Title: Classical Spies
Author: Susan Heuck Allen
Allen, Susan Heuck (2011).Classical Spies: American Archaeologists with the OSS in World War II Greece. Ann Arbor: University of Michigan Press
- “Classical Spies will be a lasting contribution to the discipline and will stimulate further research. Susan Heuck Allen presents to a wide readership a topic of interest that is important and has been neglected.” -William M. Calder III, University of Illinois, Urbana-Champaign. Classical Spies is the first insiders’ account of the operations of the American intelligence service in World War II Greece. Initiated by archaeologists in Greece and the eastern Mediterranean, the network drew on scholars’ personal contacts and knowledge of languages and terrain. While modern readers might think Indiana Jones is just a fantasy character, Classical Spies discloses events where even Indy would feel at home: burying Athenian dig records in an Egyptian tomb, activating prep-school connections to establish spies code-named Vulture and Chickadee, and organizing parachute drops.Susan Heuck Allen reveals remarkable details about a remarkable group of individuals. Often mistaken for mild-mannered professors and scholars, such archaeologists as Princeton’s Rodney Young, Cincinnati’s Jack Caskey and Carl Blegen, Yale’s Jerry Sperling and Dorothy Cox, and Bryn Mawr’s Virginia Grace proved their mettle as effective spies in an intriguing game of cat and mouse with their Nazi counterparts. Relying on interviews with individuals sharing their stories for the first time, previously unpublished secret documents, private diaries and letters, and personal photographs, Classical Spies offers an exciting and personal perspective on the history of World War II”– Provided by publisher.
- United States. Office of Strategic Services.
- World War, 1939-1945–Secret service–Greece.
- World War, 1939-1945–Secret service–United States.
- Espionage–Greece–History–20th century.
- Spies–Greece–History–20th century.
- Archaeologists–Greece–History–20th century.
- Archaeologists–United States–History–20th century.
- HISTORY / Military / World War II.
- SOCIAL SCIENCE / Archaeology.
Date Posted: February 22, 2016
Reviewed by Hayden Peake.
Harvard graduate Kermit Roosevelt interrupted his PhD studies-he never completed them-to join the Office of the Coordinator of Information (COI) in 1941 and went on to serve in the OSS. After the war, he was assigned to edit the then top secret OSS War Report. In his introduction to the declassified edition published in 1976, he lamented that “one cannot fail to be disappointed by the very small number of names mentioned.” This was especially true in the entry for operations in Greece, where not a single name was included. Classical Spies fills that void and adds a surprise: the OSS officers in Greece were archaeologists.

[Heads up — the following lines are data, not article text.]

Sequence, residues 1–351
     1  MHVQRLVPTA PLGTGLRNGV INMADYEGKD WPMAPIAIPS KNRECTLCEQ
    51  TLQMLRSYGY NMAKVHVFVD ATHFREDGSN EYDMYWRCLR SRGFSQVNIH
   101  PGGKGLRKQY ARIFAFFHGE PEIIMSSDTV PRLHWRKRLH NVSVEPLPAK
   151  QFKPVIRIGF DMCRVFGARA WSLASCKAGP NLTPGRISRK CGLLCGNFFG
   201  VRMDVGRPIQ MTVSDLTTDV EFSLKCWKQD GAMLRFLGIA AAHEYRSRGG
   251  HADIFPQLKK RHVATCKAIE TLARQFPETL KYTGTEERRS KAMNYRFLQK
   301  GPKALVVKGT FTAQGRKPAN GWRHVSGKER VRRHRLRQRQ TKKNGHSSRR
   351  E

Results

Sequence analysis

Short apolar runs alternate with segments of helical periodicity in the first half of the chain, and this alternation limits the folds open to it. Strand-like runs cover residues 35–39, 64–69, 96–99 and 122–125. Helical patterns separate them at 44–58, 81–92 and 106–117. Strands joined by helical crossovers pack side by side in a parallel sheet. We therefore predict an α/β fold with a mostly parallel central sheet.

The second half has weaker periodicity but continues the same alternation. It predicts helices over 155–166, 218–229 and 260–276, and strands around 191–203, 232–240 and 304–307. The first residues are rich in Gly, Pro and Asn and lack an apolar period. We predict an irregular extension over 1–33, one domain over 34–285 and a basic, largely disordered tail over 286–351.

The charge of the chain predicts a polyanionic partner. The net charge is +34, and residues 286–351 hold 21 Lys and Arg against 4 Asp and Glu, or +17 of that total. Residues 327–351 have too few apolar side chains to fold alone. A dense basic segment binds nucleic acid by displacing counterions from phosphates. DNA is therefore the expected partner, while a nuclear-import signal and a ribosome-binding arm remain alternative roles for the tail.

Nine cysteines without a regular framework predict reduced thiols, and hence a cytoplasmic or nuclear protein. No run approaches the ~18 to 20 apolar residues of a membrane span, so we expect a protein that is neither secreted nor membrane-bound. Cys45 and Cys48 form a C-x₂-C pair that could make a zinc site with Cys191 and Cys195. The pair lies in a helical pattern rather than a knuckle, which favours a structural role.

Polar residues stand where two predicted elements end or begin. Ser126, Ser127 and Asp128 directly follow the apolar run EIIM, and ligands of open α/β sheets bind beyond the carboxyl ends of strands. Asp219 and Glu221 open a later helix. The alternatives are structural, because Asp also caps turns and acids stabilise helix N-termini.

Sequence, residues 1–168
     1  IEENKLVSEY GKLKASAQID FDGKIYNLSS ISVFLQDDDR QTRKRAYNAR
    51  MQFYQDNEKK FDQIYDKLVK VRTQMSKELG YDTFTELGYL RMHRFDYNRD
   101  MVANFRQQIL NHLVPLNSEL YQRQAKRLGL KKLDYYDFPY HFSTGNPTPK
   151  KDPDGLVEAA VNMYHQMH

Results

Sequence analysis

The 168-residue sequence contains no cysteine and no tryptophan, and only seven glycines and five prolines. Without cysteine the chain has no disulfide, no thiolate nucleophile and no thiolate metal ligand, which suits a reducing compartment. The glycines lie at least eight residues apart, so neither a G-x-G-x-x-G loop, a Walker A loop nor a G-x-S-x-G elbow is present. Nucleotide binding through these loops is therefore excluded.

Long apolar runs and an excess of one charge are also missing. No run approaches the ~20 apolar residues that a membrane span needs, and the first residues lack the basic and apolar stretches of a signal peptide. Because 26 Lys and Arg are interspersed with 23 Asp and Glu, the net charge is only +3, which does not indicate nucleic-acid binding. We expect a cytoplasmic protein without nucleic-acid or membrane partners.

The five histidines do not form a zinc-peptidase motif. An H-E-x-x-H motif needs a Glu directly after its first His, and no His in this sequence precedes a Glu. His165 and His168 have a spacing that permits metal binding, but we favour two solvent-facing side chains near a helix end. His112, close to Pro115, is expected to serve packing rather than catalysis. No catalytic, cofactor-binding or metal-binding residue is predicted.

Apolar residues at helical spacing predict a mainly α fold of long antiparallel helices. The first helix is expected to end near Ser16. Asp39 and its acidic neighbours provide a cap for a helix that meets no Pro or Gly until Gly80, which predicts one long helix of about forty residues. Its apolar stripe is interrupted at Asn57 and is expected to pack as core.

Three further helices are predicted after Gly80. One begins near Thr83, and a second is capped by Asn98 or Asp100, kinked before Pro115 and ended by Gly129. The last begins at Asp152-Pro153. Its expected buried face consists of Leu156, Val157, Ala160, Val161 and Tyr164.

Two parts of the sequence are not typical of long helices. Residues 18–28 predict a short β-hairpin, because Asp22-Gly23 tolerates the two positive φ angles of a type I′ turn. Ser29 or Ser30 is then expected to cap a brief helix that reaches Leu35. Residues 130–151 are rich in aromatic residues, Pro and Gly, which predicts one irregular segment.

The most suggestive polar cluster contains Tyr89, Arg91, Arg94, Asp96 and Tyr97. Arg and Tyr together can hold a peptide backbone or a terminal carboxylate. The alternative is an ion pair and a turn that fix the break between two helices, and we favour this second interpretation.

Brown University professor Susan Allen, herself a former field archaeologist, heard her first OSS war story during an “ouzo hour,” an informal get together of archaeologists on the island of Kea, in the Aegean Sea,
Dig director Jack Caskey told a tale about his days in the OSS and his role in the Cicero spy case, made famous in the 1952 movie Five Fingers. Reminded of the story 20years later when asked to give a lecture in Caskey’s memory, Allen decided to determine whether it was documented in OSS records. Her research not only confirmed Caskey’s account, it revealed the extent to which archaeologists had contributed to the OSS mission in Greece, a story not told until now.
The key figure in Classical Spies is archaeologist Roger Young, a Princeton PhD and heir to the Ballantine Ale fortune, whom Allen describes as a “coddled child of the gilded age.” (p. 30) He was working on a dig in Greece at the start of the war in Europe. When Italy invaded Greece and most of his colleagues left for home, Young decided to stay and help the Greeks fight Mussolini. But the government didn’t want foreigners. Allen tells how Young progressed from this situation to join the OSS, where he recruited many archaeologist colleagues-they knew the language, geography, and culture-to staff its Greek Desk in Washington and, later, Cairo.
The operational details of the OSS Greek Desk are fascinating in themselves, but they also reveal the archaeologists’ amazing ability to adapt to the requirements of intelligence operations and perform well as intelligence officers. The work was not all agent recruitment and collection. Allen describes the many turf battles that emerged with the archaeologists’ more experienced British compatriots. Equally challenging, the various Greek and Turkish political factions—monarchists, communists, fascists—often made support a real challenge. After the war, the archaeologists returned to their peacetime professions. None wrote a memoir of the experiences.
Classical Spies relies heavily on primary sources from the National Archives. Professor Allen unearthed the long lost official report of Jack Caskey that discussed Operation Honeymoon (detailed in chapter 10), his role in the Cicero case. The appendices provide an assessment of the contributions of the archaeologists, a listing of those involved, and the operations undertaken. Classical Spies fills a genuine gap in OSS history and is a truly invaluable contribution.
 Hayden Peake is a frequent reviewer of books on intelligence and this review appeared in The Intelligencer: Journal of U. S. Intelligence Studies (19, 1, Winter/Spring, 2013, p. 113). Hayden Peake is the Curator of the CIA’s Historical Intelligence Collection. He has served in the Directorate of Science and Technology and the Di recto rate of Operations. Most of these reviews appeared in recent unclassified editions of CIA’s Studies in Intelligence. These and many other reviews and articles may be found on line at http://www.cia.gov.